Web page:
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5-Star moving, unique and ingenious production of Sunset Boulevard – Review

Glenn Close in Sunset BoulevardMany will be familiar with Billy Wilder’s 1950s film of Sunset Boulevard or, if not, at least heard of Christopher Hampton and Sir Andrew Lloyd Webber’s ‘As if we never said goodbye’ – possibly one of the best songs ever written for a musical. At a perilous time for the English National Opera, where their finances are at stake, a roaring musical with Tony Award-winning actress Glenn Close is, perhaps, the solution to reinvigorate the nation’s so-called opera house’s image. The Coliseum – one of the largest theatres in the West End with a capacity of 2,359 – needs to widen its audiences to fill its plentiful seats, and Sunset Boulevard could be the ticket to win many over.

The sold-out musical extravaganza of Sweeney Todd last year, featuring Britain’s favourite baritone Bryn Terfel and the brilliant Emma Thompson, proved how much of a guaranteed success musicals can be for the London Coliseum. Naturally it only makes sense to bring back its creative team and inventive director Lonny Price to run the show.

The production is a semi-stage performance, yet there are hardly any spatial or atmospheric limitations. James Noone’s cleverly crafted stage situates the stupendous ENO orchestra, of 48 musicians, behind the lead cast, playing an all-encompassing part of the stage – you are never too far away from the music!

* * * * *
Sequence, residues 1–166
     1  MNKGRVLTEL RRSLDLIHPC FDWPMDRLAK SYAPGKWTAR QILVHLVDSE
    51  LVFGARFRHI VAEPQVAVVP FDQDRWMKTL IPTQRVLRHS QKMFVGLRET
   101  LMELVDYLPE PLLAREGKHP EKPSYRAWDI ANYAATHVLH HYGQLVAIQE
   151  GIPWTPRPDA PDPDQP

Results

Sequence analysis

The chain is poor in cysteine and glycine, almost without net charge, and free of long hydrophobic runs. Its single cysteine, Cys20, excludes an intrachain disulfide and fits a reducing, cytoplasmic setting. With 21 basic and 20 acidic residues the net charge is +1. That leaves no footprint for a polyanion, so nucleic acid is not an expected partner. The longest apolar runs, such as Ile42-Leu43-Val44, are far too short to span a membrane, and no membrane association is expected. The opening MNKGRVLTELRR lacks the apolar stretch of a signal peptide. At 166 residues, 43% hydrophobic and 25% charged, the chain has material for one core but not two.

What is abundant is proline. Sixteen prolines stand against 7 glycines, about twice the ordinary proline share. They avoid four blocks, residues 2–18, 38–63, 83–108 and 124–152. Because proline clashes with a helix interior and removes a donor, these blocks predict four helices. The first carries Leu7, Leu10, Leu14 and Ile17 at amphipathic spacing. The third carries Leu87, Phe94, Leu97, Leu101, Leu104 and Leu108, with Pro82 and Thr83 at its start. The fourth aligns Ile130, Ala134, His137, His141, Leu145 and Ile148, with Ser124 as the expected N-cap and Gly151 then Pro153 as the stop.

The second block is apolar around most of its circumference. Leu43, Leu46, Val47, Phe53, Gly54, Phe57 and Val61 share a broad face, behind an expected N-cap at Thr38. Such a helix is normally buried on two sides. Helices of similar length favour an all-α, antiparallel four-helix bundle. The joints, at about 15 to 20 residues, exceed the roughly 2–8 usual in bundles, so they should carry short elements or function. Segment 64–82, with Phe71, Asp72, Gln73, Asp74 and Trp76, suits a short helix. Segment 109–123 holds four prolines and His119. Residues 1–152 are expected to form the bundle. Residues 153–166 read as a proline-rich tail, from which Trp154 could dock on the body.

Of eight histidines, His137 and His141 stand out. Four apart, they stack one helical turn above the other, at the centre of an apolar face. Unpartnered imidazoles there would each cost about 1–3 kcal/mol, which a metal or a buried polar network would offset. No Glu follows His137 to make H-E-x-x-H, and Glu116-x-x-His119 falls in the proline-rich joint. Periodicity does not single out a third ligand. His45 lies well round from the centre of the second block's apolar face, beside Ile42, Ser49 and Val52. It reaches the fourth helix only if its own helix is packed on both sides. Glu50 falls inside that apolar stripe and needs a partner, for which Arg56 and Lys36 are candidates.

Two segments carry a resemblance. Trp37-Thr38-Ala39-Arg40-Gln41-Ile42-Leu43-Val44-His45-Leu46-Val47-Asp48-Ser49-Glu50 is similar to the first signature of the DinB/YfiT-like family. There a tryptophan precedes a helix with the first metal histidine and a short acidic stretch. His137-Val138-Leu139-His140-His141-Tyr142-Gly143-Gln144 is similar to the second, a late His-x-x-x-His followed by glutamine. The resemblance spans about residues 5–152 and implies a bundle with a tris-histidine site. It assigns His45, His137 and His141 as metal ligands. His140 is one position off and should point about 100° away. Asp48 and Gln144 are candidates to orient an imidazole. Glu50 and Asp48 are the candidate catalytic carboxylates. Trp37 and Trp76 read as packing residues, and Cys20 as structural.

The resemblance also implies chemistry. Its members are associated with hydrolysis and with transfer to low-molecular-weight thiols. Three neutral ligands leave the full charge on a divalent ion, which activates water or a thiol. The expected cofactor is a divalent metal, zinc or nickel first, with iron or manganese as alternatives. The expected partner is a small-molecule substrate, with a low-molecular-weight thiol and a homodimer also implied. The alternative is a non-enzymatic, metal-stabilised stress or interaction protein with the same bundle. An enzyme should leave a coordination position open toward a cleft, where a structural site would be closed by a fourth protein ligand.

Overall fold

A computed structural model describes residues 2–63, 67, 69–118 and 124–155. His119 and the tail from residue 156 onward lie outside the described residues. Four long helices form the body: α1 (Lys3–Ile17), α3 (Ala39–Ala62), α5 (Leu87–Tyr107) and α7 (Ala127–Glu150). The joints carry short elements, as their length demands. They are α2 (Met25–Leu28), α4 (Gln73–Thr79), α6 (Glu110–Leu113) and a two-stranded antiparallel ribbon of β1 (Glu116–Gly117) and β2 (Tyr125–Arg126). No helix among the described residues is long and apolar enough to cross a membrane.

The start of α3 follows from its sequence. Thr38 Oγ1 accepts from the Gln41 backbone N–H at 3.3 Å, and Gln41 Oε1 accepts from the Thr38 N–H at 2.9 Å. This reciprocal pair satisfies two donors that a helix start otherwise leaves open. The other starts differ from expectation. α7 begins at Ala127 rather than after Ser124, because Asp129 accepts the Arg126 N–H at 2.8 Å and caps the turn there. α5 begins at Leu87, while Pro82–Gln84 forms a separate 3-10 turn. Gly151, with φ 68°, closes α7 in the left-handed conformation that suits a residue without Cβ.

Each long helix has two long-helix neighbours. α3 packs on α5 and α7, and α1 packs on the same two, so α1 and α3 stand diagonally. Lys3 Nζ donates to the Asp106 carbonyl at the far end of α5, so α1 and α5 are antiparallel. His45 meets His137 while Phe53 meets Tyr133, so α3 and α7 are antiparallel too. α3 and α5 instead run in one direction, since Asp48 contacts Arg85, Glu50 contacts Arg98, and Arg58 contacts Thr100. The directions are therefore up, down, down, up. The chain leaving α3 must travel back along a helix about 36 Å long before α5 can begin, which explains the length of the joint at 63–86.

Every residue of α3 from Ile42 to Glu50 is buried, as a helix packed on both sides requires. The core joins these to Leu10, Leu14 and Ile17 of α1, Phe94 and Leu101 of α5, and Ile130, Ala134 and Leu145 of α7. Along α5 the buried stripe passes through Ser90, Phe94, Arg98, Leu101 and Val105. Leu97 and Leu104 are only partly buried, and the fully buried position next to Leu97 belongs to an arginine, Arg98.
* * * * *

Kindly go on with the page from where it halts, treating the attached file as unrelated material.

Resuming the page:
Skeletal stairs across and above see the ensemble walk to and fro, in and out of Hollywood’s studios, while our lead diva Norma Desmond delights in her estate on the boulevard with opulent chandeliers adorn. Nostalgia also hits the audience with Hollywood spotlight beaming out onto the auditorium alongside authentic black and white film projected on to the stage.

Andrew Lloyd Webber’s glamorous and filmic score for Sunset Boulevard is made radiant by the wondrous ENO Orchestra and conductor Michael Reed who is renowned for conducting many works by Webber. His music comes at you in waves, almost instantly. The brooding and melodious overture floats you away to Hollywood, played with richness and finesse. It is the sound of a true blockbuster.